High-tech keyboards at library


Services include auditory screen reading

By Charles Warner - cwarner@civitasmedia.com



Charles Warner | The Union Times This is one of two new keyboards recently acquired by the Union County Carnegie Library. The keyboards are described by Library Director Rieta Drinkwine as high-tech and designed to make using the Interent and other computer services offered at the library easier for those who have trouble using conventional keyboards. The keyboard’s software can enable written information on a screen to be heard as well as seen, making it easiers for persons with sight impairment to obtain the information they are seeking. The mouse on each keyboard is shaped differently from conventional models with a tracking ball which makes it easier for persons suffering dexterity problems such as arthritis to use them.


UNION COUNTY — Large print on its keys, a different kind of mouse, and the ability to read out loud writing on a computer screen are among the services provided by two new keyboards at the Union County Carnegie Library.

Library Director Rieta Drinkwine announced Wednesday that the library recently acquired the keyboards with funds from a $2,100 Assistive Technology Grant it received earlier this year from the State Library. Thehe library used some of those funds over the past several months to provide the Buffalo, Union, and Jonesville senior citizens centers each with a book case and large print books along with reading glasses and magnifying glasses for the seniors at the centers to use.

Drinkwine said that like the bookcase, large print books, reading glasses, and magnifying glasses provided the senior citizens centers, the new keyboards are part of the library’s continuing efforts to expand the services it offers the community and increase the number of county residents making use of those services.

“They are really high-tech,” Drinkwine said of the new keyboards. “They have large print keys and have software for screen reading. That is where you can make what’s on the screen auditory, making it easier for people suffering from visual impairment and can’t read a computer screen. It allows people with low or no vision to use our computers.

“They also each have an adaptive mouse,” she said. “It has a tracking ball and is shaped differently than a standard mouse. It helps people with mobility issues who have difficulty using a conventional mouse, people who have trouble using their hands and arms because of conditions like arthritis.”

Drinkwine said that with the new keyboards “the hope is we can serve a wider range of people and address barriers to access.”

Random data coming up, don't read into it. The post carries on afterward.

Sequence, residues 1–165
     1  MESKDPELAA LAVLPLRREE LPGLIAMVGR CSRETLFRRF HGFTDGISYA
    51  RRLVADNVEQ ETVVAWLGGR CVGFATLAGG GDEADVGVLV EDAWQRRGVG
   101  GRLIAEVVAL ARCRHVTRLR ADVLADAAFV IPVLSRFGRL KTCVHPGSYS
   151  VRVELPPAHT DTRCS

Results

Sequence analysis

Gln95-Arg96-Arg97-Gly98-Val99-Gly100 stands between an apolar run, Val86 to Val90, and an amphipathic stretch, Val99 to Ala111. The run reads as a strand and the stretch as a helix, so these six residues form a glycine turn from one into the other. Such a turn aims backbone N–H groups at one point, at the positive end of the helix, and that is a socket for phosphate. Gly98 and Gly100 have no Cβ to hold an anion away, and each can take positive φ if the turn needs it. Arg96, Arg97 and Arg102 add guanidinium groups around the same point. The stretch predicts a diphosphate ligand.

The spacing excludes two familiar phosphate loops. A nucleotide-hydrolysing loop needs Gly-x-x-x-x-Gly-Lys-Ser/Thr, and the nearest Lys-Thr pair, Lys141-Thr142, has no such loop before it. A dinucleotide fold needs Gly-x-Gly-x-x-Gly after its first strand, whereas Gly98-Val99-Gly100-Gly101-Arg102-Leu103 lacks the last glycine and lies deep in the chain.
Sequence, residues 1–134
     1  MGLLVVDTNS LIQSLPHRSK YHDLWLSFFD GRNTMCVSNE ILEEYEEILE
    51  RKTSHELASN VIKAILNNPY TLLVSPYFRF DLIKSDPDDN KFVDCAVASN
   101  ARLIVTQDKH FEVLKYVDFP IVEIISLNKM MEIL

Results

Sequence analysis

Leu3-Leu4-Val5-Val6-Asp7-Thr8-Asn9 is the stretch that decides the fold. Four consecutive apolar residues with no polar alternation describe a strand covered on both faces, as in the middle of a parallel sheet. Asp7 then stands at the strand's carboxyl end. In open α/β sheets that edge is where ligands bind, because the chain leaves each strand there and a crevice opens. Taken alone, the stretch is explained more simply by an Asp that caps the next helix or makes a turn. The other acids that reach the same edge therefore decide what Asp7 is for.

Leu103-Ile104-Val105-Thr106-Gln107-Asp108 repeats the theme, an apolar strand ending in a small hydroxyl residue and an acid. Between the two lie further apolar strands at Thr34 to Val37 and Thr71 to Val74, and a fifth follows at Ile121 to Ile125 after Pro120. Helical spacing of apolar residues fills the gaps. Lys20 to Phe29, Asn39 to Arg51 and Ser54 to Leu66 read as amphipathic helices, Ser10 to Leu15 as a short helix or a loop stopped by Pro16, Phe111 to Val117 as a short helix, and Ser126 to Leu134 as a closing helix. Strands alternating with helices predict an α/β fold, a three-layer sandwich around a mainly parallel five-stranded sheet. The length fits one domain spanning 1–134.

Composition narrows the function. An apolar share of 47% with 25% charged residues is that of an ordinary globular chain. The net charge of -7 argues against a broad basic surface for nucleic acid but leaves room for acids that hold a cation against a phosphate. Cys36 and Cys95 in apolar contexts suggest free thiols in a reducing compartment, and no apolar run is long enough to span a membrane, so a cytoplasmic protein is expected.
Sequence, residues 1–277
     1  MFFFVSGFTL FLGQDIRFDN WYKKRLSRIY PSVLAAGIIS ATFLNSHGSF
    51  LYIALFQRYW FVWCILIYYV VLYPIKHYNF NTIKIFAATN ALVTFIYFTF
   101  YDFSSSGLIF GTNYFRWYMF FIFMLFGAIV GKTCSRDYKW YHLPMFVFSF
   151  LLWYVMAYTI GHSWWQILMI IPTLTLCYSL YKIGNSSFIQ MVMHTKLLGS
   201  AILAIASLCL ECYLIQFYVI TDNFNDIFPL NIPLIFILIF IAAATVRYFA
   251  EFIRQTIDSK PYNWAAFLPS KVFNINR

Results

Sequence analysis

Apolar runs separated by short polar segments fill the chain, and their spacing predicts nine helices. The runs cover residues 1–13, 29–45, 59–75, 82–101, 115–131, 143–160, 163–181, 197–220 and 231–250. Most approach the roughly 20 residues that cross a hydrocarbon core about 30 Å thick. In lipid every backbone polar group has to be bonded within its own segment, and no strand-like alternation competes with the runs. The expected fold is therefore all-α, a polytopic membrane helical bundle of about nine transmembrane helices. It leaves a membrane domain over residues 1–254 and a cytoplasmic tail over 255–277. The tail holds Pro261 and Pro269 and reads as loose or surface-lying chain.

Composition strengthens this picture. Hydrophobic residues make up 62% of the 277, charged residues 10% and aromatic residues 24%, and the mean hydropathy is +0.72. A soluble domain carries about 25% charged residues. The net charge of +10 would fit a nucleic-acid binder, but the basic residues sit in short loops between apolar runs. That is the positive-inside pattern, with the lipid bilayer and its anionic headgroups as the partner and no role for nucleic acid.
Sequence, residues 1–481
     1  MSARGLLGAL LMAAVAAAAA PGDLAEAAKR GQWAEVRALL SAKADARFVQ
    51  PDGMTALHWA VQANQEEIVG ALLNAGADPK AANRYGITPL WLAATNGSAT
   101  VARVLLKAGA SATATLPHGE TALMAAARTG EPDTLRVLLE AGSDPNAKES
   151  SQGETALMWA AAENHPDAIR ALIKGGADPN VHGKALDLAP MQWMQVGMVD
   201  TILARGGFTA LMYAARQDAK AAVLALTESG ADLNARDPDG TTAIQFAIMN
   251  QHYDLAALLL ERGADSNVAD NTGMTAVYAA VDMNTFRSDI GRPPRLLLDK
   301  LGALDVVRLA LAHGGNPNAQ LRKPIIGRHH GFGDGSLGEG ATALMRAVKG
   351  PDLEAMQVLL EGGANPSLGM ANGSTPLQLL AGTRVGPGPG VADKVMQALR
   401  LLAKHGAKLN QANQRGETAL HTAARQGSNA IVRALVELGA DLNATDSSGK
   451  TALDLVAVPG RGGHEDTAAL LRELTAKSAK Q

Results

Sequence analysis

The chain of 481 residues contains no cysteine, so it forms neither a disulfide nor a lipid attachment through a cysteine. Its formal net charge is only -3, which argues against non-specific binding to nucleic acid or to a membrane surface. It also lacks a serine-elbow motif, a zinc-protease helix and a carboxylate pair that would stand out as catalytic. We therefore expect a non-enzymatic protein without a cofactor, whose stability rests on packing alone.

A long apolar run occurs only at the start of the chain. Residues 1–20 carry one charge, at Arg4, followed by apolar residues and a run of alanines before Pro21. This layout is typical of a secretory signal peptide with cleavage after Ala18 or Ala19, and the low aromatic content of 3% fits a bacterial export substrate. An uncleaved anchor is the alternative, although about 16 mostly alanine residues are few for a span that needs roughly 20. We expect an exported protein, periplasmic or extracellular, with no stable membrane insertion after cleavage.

One of the keyboards is at one of the library’s family computers and the other at the computer in the Genealogy Section.

For more information about the Union County Carnegie Library and the services it offers call 864-427-7140.

Charles Warner | The Union Times This is one of two new keyboards recently acquired by the Union County Carnegie Library. The keyboards are described by Library Director Rieta Drinkwine as high-tech and designed to make using the Interent and other computer services offered at the library easier for those who have trouble using conventional keyboards. The keyboard’s software can enable written information on a screen to be heard as well as seen, making it easiers for persons with sight impairment to obtain the information they are seeking. The mouse on each keyboard is shaped differently from conventional models with a tracking ball which makes it easier for persons suffering dexterity problems such as arthritis to use them.
http://www.uniondailytimes.com/wp-content/uploads/2016/12/web1_IMG_0005Keyboard.jpgCharles Warner | The Union Times This is one of two new keyboards recently acquired by the Union County Carnegie Library. The keyboards are described by Library Director Rieta Drinkwine as high-tech and designed to make using the Interent and other computer services offered at the library easier for those who have trouble using conventional keyboards. The keyboard’s software can enable written information on a screen to be heard as well as seen, making it easiers for persons with sight impairment to obtain the information they are seeking. The mouse on each keyboard is shaped differently from conventional models with a tracking ball which makes it easier for persons suffering dexterity problems such as arthritis to use them.
Services include auditory screen reading

By Charles Warner

cwarner@civitasmedia.com

Charles Warner can be reached at 864-762-4090.

Charles Warner can be reached at 864-762-4090.

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